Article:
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Posted by: Dean Foust on July 03, 2007
Every generation has its “Masters of the Universe.” In the late 1980s, it was junk bond impresario Michael Milken and the gang at Salomon Brothers that writer Michael Lewis captured brilliantly in “Liar’s Poker.” In the 1990s, it was the investment bankers and analysts like Frank Quattrone and Mary Meeker that made fortunes hawking Internet stocks to the masses.
This generation’s “Masters” are the hedge fund managers who have become billionaires by developing exotic trading and investing strategies that few understand, strategies that have enabled them to charge fees of up to 3% and 4% of assets AND keep 20% of trading profits. But the subprime blowup looks like its going to claim a number of these modern-day masters, perhaps including John Devaney, a 37-year-old hedgie who owns not only a 143-foot-yacht but an 1823 reproduction of the Declaration of Independence, and has been profiled in Money magazine and The New York Times, to name a few publications (here’s a link to the Money story, and the Times story, though the Times is a version cached by Google). Today comes news that Devaney has halted redemptions by investors looking to exit, because he doesn’t want to have to be a forced seller in this environment. That’s not a good sign, and could be evidence that Devaney is no longer a master of his domain.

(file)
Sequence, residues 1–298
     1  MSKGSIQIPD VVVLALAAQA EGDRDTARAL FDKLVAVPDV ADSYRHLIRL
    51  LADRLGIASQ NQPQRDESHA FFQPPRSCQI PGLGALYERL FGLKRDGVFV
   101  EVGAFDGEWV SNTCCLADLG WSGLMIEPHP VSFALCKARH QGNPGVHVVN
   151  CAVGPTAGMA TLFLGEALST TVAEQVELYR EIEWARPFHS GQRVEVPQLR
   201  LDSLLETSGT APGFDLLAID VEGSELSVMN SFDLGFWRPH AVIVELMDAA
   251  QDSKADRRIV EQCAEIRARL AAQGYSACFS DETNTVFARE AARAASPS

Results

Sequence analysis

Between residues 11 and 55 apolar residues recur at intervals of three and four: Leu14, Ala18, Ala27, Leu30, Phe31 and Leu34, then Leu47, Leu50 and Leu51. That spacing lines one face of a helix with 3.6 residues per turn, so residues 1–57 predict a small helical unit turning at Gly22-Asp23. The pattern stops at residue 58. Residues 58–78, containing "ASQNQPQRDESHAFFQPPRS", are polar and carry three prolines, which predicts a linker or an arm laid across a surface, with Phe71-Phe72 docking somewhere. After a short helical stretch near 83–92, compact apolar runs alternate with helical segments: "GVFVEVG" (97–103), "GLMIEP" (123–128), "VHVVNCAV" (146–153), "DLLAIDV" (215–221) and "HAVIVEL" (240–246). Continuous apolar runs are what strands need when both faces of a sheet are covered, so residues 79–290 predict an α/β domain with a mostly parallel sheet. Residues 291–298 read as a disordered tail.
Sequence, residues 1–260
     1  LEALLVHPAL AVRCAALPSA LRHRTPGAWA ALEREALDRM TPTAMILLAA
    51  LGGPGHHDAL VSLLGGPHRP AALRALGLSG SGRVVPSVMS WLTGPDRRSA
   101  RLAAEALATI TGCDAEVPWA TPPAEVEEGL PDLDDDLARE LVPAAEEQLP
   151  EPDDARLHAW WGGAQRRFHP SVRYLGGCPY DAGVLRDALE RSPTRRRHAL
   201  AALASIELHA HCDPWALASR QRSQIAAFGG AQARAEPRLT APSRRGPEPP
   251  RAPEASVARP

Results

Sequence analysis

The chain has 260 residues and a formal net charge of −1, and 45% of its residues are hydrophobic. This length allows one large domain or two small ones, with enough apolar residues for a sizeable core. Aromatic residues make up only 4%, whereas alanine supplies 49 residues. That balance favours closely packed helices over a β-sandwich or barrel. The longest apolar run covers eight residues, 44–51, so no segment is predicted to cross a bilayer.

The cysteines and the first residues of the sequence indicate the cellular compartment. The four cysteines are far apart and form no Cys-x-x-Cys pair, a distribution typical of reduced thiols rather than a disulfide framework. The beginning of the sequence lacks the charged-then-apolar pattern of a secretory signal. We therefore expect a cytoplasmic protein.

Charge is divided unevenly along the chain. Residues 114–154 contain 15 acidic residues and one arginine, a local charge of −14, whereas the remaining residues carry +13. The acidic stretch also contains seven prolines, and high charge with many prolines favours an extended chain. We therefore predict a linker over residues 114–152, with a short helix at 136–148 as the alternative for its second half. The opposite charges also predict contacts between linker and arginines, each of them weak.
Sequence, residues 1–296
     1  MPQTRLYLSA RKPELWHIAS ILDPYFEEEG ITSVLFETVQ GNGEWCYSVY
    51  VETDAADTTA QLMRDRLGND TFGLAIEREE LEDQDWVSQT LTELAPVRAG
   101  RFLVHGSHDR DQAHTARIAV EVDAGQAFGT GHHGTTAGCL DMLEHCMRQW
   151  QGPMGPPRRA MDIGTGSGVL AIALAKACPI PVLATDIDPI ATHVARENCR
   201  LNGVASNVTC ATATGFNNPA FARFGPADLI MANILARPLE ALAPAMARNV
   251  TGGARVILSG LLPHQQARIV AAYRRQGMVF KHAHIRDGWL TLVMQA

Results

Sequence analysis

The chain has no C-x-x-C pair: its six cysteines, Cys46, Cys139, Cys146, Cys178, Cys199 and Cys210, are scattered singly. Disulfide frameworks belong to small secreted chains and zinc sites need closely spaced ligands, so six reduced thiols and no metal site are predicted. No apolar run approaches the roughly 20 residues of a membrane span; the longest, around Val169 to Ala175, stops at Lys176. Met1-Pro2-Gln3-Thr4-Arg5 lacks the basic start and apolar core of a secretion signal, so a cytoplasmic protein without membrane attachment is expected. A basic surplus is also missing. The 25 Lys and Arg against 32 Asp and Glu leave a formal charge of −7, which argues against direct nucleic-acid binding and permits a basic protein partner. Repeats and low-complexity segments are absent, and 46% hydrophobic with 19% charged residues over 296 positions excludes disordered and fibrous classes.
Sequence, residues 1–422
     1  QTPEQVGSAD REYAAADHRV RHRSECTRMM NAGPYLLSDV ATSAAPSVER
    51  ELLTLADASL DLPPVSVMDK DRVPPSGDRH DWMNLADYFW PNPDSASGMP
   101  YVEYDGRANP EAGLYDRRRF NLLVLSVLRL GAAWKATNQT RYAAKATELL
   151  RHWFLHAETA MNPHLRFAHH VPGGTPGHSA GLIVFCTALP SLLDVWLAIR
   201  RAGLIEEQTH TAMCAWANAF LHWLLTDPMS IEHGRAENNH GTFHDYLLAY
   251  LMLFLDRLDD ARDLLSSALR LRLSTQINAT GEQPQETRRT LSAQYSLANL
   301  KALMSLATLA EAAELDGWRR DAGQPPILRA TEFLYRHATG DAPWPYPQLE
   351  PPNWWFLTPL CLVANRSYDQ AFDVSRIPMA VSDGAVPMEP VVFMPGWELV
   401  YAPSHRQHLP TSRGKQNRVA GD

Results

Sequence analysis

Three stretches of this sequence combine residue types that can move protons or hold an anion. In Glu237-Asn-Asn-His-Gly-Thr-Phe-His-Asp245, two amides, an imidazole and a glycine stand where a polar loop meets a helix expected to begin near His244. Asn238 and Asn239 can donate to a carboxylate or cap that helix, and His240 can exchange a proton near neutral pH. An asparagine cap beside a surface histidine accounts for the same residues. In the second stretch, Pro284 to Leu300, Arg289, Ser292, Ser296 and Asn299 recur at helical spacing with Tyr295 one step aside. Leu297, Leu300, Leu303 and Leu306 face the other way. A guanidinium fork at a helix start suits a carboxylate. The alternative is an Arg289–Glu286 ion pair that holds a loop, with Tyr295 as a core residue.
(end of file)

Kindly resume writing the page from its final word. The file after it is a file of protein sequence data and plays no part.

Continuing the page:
BusinessWeek editors Chris Palmeri, Prashant Gopal and Peter Coy chronicle the highs and lows of the housing and mortgage markets on their Hot Property blog. In print and online, the Hot Property team first wrote about the potential downside of lenders pushing riskier, "option ARM" mortgages and the rise in mortgage fraud back in 2005—well ahead of many other media outlets. In 2008, Hot Property bloggers finished #1 in a ranking of the world's top 100 "most powerful property people" by the British real estate website Global edge. Hot Property was named among the 25 most influential real estate blogs of 2007 by Inman News.